Climbing into a niche career: Arborist at work

·4 min read

From spring through fall, it’s not unusual to find Beck Aurell swinging from limb to limb through the crowns of Island oak, maple or poplar trees. Gear similar to a rock climber’s holds her safely in the tree and she carries a pruning saw or chainsaw at her side.

“I might be the only female bodied climbing arborist on PEI,” Beck said, explaining that arborists are tree workers with specialized skills and certifications. They typically focus on managing and taking care of trees in residential areas.

She was most recently employed with Laird Tree Care out of Cardigan.

While Beck identifies as gender non-binary she is perceived by most as female and is comfortable with she/her or they/them pronouns.

This puts her at odds with the majority of people she has worked with in Canada and around the world.

Beck loves outdoor, hands-on work and any day she can help preserve the life of a tree is a good day in her opinion.

She said making her way into a male dominated field of work wasn’t particularly easy but there were a few things that lifted her up into the treetops.

“My dad was very helpful,” she said. Beck’s father owns an arborist business in New Brunswick and encouraged her to challenge herself by climbing in her teens.

“It was something fun we did together and he never questioned if I could do it.”

While the average arborist seems to be a tall bulky or lean guy, Beck has found smart techniques and tools tend to level the playing field. With a 5 foot 2 inch tall female body, she is stronger than some might expect.

Beck said sometimes customers meet her with surprised comments like “Oh, are you doing the work?” or “Where’s the foreman?” when she is the team lead for the day.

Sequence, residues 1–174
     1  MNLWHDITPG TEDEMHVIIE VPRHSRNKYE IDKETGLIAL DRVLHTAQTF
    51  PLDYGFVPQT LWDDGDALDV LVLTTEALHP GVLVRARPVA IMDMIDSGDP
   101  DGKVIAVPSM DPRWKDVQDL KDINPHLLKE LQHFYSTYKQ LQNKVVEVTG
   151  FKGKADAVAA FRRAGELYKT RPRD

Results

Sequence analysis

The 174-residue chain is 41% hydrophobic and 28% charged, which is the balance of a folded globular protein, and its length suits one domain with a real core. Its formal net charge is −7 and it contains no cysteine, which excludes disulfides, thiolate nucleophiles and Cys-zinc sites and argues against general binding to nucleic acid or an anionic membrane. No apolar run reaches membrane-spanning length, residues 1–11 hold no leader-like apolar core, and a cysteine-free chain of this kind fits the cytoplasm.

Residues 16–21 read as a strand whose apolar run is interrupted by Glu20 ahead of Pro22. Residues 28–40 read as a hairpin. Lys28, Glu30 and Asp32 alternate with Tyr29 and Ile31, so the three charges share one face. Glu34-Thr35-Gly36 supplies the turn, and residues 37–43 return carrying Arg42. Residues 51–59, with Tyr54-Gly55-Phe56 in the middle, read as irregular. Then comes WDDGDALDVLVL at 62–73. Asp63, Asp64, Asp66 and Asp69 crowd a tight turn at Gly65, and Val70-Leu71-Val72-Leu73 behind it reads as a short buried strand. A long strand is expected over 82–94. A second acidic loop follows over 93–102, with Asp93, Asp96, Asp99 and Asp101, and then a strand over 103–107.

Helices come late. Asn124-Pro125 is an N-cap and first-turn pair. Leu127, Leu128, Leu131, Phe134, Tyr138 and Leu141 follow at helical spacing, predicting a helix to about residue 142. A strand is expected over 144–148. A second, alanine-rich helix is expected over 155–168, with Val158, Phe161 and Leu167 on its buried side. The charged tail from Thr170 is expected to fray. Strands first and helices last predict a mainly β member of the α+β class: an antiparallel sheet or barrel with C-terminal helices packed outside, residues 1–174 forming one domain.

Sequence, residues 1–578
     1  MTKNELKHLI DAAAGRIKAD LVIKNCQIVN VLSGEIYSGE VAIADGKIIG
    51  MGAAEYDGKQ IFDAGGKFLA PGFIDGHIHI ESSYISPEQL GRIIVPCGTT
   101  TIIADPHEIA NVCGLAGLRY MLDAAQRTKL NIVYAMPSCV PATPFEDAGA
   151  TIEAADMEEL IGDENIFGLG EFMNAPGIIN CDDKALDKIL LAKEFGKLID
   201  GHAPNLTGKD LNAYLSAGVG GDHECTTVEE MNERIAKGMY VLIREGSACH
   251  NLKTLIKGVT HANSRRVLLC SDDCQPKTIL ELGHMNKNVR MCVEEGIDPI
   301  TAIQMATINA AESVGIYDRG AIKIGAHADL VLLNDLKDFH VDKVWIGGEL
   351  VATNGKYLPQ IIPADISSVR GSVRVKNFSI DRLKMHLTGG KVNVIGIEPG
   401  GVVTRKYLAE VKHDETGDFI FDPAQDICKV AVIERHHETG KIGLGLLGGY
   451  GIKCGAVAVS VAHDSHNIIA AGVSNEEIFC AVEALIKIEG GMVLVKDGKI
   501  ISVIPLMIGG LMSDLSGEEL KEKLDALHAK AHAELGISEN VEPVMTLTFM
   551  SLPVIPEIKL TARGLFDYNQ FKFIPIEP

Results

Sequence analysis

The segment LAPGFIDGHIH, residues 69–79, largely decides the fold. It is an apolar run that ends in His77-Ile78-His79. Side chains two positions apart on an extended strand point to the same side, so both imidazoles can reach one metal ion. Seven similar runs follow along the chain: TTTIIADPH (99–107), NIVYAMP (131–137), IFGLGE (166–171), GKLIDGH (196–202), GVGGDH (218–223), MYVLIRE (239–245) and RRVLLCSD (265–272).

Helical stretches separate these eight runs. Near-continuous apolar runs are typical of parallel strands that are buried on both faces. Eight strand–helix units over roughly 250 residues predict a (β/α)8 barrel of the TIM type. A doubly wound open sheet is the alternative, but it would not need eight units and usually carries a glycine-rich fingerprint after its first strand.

“It might be hard to believe, but it doesn’t actually take a 6-foot bulky man to transport logs from point A to B, to work hard all day, or to do the work we do efficiently,” she said.

Luckily most customers meet her with supportive comments.

“Customers that are older women especially seem supportive, I think it might be because they’ve seen so much change over the years.”

Beck said local queer and some feminist communities have been a tremendous source of support and their ideas have helped her the whole way through.

“Queer communities tend to share the idea, if it feels right for you, break gender expectations without fear or embarrassment, with pride,” she said. “They’ve really showed me there are different ways to be a person that don’t fit specific gender roles.”

Beyond that, seeing female arborists in the industry when she worked in Sweden or at events (like women’s arborist skills camps in the US or in iternational arborist climbing competitions) reassured her that she could succeed in this line of work.

Co-workers who have welcomed her into group environments and given her the opportunity to do what she is capable of without underestimating her abilities have also played a helpful part.

“Most of my co-workers have been great,” Beck said.

“Most don’t think twice about having me on the crew and working together, especially once they see I am capable and reliable.”

“This means a lot because sometimes it takes a minute for some of the guys to settle with the idea that I’ll be climbing and working on the same level or even as a leader with them.

“Sometimes when a crew shows up on a job they’re not expecting a blonde woman in her 20s to be the foreman and there seems to be a bit of an ego thing that can go on.

“Sometimes there is some pushback but for the most part, it’s no problem.”

Beck said her crew on PEI has been an excellent and fun team to work with.

She has some advice for anyone considering a field of work that may seem unusual for their gender.

“Don’t be afraid to break expectations and don’t underestimate yourself,” she said. “And if you can’t find anyone supportive, give me a call.”

Rachel Collier, Local Journalism Initiative Reporter, The Eastern Graphic